Operators in North America and the Far East -- where 4G services are already widely used -- have taken a big lead in this area.

In February, Verizon Communications Inc. (NYSE: VZ) claimed to have completed the world's first transoceanic HD VoLTE roaming call during trials with Japan's NTT DoCoMo Inc. (NYSE: DCM) and South Korea's KT Corp. , while LG U+ (also of South Korea) and KDDI Corp. (Japan) said they had introduced a VoLTE roaming service in April. (See Verizon Takes Radio Dot to Detroit, VoLTE Overseas .)

Commenting on the trials involving Verizon, NTT DoCoMo and KT Corp, Wakankar says calls were based solely on the use of S8 home routing and did not consider other options.

Asked when she expected VoLTE interworking and roaming services to take off, Wakankar said there was unlikely to be a huge amount of traffic by the end of this year but that 2016 could prove critical. "It will definitely pick up in 2016 and by this time next year we should have substantial VoLTE traffic," she says. "We can talk about two operators making it live but to get a community will take some time."

During this year's Mobile World Congress in February, BICS told Light Reading that it was working on a trial of international VoLTE services involving a number of service providers, and Wakankar confirmed the operator is currently engaged with operators besides Proximus and SK Telecom on VoLTE interworking trials, though the identities of the other operators is still under wraps. (See BICS Preps VoLTE Trials With 10 Operators.)

BICS recently reported a 0.8% year-on-year fall in revenues in its April-to-June quarter but said that sales during the first six months were 5.1% higher than in the first half of 2014. (See Proximus Raises Outlook on Strong Q2.)

During an interview with Light Reading in April, Kurgan said that MVNOs and over-the-top players represented the operator's fastest-growing customer segments and that rising demand for data services was helping to offset the pressure on voice revenues.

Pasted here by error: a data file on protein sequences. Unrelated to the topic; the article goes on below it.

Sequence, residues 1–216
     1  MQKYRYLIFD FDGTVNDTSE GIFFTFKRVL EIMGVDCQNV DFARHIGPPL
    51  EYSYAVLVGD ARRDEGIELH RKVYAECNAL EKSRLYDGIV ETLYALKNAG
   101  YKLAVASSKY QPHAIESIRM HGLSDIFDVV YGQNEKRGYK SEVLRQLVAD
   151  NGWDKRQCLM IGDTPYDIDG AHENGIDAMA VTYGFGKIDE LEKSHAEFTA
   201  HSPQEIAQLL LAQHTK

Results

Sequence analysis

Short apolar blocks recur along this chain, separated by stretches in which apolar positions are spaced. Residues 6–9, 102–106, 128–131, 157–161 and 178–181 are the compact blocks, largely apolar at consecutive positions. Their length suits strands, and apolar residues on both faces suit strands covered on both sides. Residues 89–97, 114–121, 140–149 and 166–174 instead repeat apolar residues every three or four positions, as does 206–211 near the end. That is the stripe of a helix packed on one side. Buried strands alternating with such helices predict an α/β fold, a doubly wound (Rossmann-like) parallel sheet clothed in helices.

— Iain Morris, Circle me on Google+ Follow me on TwitterVisit my LinkedIn profile, News Editor, Light Reading

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About the Author(s)

Iain Morris

International Editor, Light Reading

Iain Morris joined Light Reading as News Editor at the start of 2015 -- and we mean, right at the start. His friends and family were still singing Auld Lang Syne as Iain started sourcing New Year's Eve UK mobile network congestion statistics. Prior to boosting Light Reading's UK-based editorial team numbers (he is based in London, south of the river), Iain was a successful freelance writer and editor who had been covering the telecoms sector for the past 15 years. His work has appeared in publications including The Economist (classy!) and The Observer, besides a variety of trade and business journals. He was previously the lead telecoms analyst for the Economist Intelligence Unit, and before that worked as a features editor at Telecommunications magazine. Iain started out in telecoms as an editor at consulting and market-research company Analysys (now Analysys Mason).